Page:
DJI’s intelligent farming solutions arm, DJI Agriculture, has just released a new industry insights report focusing on best practices for drone spraying. But one detail that immediately stands out in that document is that the sale of DJI agricultural drones has really taken off in the last couple of years.
Agricultural drones have become a huge business for DJI. The tech giant has been adding at least two new precision farming drones to its product portfolio every year since 2019, with the latest cutting-edge models being Agras T40 and T20P. It’s known that DJI pilots completed agricultural missions covering a total of 66.7 million hectares of farmland in 2021 alone. And more recently, the company expanded the availability of its SmartFarm mobile app for the Agras line to support English, Japanese, and Thai languages — indicating a wider adoption of spraying drones.
Now, let’s take a look at the numbers:
In its Agricultural Drone Industry Insights (2021) report, DJI agrees that it has taken “a quantitative leap” in terms of the total number of drones and operating areas; this has happened despite rules and regulations in the US and Europe hindering growth. The company remains hopeful for the future though. Here’s DJI:
We believe that with the continuous exploration of best practices, pest management, and pesticide use will be more reasonable and have less impact on the environment, the policy environment of agricultural drones will be gradually relaxed, and the space for the development of agricultural drones will broaden.
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But why are agricultural drones becoming so popular in the first place? The reasons are many:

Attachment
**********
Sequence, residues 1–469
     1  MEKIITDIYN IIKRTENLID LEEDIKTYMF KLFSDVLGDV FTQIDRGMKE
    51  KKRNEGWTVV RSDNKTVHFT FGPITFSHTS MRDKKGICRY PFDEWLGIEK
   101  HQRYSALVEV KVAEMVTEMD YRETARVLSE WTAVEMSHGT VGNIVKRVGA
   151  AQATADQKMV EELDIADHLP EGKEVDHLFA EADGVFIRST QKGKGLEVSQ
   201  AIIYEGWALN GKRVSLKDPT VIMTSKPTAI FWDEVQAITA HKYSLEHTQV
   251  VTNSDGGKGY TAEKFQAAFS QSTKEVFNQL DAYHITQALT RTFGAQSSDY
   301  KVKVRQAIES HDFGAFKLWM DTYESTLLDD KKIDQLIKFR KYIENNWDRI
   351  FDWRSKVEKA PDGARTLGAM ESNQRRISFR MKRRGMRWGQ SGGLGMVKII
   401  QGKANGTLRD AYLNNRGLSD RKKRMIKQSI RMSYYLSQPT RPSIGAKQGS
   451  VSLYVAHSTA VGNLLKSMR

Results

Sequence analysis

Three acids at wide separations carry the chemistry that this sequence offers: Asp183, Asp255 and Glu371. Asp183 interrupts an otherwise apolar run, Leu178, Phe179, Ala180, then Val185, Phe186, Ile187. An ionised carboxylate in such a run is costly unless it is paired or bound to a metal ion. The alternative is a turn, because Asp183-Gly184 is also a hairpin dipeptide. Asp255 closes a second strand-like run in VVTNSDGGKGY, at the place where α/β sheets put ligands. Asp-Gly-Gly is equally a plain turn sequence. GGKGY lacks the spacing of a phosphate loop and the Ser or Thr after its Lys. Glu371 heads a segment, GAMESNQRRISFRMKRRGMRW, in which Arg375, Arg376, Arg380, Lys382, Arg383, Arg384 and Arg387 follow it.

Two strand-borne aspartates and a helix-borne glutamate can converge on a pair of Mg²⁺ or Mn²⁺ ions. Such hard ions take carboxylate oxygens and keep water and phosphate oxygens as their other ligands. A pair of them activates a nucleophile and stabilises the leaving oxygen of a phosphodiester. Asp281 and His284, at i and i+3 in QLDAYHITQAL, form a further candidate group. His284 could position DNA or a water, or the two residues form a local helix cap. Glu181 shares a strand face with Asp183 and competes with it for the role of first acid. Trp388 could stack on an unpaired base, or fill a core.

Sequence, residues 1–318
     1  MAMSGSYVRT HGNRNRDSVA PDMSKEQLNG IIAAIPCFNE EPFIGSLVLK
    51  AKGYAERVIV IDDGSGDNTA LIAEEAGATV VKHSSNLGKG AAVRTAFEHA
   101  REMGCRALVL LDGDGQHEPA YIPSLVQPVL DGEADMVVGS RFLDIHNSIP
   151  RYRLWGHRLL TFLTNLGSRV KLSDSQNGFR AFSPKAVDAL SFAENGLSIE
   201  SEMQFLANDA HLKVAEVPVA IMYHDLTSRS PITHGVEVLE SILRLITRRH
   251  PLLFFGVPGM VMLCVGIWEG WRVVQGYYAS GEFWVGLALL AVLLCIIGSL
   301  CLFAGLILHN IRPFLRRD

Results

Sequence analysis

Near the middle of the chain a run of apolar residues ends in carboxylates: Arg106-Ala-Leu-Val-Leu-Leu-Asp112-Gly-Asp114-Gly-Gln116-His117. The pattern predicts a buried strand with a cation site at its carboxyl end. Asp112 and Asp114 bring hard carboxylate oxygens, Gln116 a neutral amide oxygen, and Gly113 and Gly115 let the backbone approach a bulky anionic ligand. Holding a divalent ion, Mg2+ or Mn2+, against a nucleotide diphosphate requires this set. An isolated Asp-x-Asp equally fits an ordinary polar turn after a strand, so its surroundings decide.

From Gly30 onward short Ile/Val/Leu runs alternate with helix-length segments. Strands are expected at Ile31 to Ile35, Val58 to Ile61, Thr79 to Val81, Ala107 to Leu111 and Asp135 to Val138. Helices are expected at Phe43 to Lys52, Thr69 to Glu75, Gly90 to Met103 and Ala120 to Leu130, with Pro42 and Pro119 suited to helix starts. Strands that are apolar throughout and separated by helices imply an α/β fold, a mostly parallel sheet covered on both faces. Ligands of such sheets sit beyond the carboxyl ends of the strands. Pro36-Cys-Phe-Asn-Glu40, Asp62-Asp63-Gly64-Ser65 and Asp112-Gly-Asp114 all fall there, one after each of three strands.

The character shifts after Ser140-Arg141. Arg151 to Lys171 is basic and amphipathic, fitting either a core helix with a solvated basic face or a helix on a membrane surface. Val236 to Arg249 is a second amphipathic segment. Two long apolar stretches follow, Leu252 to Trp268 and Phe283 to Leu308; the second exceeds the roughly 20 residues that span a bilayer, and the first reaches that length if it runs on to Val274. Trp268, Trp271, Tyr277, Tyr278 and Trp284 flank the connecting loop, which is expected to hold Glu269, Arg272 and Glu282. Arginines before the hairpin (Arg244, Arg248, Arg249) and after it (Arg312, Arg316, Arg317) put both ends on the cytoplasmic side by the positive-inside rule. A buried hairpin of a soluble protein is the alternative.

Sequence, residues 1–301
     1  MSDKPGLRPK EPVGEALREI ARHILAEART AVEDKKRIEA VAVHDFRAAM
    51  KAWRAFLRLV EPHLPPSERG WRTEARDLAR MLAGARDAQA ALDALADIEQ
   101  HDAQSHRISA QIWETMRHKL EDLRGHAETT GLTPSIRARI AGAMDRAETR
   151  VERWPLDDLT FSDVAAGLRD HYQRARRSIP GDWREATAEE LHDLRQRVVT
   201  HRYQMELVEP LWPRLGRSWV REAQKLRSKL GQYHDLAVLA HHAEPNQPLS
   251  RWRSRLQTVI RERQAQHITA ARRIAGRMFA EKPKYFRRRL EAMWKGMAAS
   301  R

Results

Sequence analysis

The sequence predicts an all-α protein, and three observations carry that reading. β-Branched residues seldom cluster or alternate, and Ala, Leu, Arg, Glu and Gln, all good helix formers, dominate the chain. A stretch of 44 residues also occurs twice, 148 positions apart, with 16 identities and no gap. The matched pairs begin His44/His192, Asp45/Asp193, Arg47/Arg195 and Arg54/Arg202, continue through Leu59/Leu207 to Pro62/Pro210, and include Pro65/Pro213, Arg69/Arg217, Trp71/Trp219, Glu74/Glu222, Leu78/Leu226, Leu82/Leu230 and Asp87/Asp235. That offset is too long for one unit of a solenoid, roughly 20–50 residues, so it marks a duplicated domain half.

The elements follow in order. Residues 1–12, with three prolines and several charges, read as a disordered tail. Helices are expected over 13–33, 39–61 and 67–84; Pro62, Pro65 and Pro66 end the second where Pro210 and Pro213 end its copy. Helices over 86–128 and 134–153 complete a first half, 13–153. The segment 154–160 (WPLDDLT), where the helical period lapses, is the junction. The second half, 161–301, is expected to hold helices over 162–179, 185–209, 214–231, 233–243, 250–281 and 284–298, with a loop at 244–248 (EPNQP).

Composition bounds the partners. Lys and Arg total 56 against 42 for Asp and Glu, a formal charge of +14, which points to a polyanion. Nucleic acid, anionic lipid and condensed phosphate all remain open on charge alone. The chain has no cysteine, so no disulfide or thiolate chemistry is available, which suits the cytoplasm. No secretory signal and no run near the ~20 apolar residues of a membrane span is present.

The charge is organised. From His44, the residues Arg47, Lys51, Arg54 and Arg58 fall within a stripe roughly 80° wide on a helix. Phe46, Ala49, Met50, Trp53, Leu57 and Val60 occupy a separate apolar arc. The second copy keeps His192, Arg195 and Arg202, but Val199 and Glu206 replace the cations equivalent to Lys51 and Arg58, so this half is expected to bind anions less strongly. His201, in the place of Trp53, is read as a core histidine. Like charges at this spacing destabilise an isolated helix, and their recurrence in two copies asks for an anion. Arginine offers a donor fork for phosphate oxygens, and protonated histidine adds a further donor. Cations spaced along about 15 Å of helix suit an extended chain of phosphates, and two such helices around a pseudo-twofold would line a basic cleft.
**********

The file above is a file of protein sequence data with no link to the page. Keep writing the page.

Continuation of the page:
1. Precision spraying reduces adverse impact on environment
When pesticide spraying is done by drones, only the plots that need to be sprayed are targeted. In contrast, small fixed-wings and helicopters used in farming can lead to serious spray drift because of their speed and high flight altitude during spraying.
2. Risk to the operator becomes minimal with drones
Mountain farming operations require pilots to fly manually and constantly ascend and descend to ensure effective spraying. Meanwhile, in large-scale farmland operations, many pilots struggle to successfully level the aircraft after flying close to the ground for spraying. Both these scenarios, which increase the likelihood of a crash, are negated while using agricultural drones.
3. Reduced carbon emissions and noise pollution
Unlike traditional aviation platforms or ground-based tractors guzzling gasoline, agricultural drones use lithium batteries, which are a cleaner, emission-free source of energy. Also, let’s not forget the noise pollution caused by helicopter propellers. They can produce a sound as high as 110 decibels, or 1.5 times of what the human body can tolerate. But a drone working away from the operator would not cause any damage to the human body.
4. Helps to save precious water
Due to the use of low-capacity spraying technology, agricultural drones can save 44 liters of agricultural water per hectare compared to manual operations. So, if drones are used to spray 1 billion hectares of farmland, agricultural water consumption can be reduced by 44 million tons. This is equivalent to the amount of water consumed by 79.87 million residents in a year.
5. Improves the utilization rate of pesticides
The application of agricultural drones has also brought about an improvement in the utilization rate of pesticides. According to the findings of a study referenced in the report:
Compared with the conventional knapsack large-capacity spraying on the ground, the use of agricultural drones can increase the utilization rate of pesticides by more than 10%. As such, 1 billion hectares of operation is equivalent to reducing the waste of 1,515 tons of pesticides.
6. Cost-effectiveness of drones
The purchase and maintenance cost of a traditional spraying aircraft can be pretty steep. The global best-selling helicopter Single Squirrel AS35, which comes with a 10m spray rod, costs about 3.6 million euros. In contrast, a farmer wouldn’t need to shell out more than 25,000 euros for an agricultural drone. The repair and maintenance of agricultural drones are also relatively simple. While the replacement of high-consumption parts such as blades can be done by the operator, more complex repairs can be handled by dedicated service centers.
It’s simple to see why agricultural drone adoption is growing in many parts of the world.
To access the complete report released by DJI, click here.
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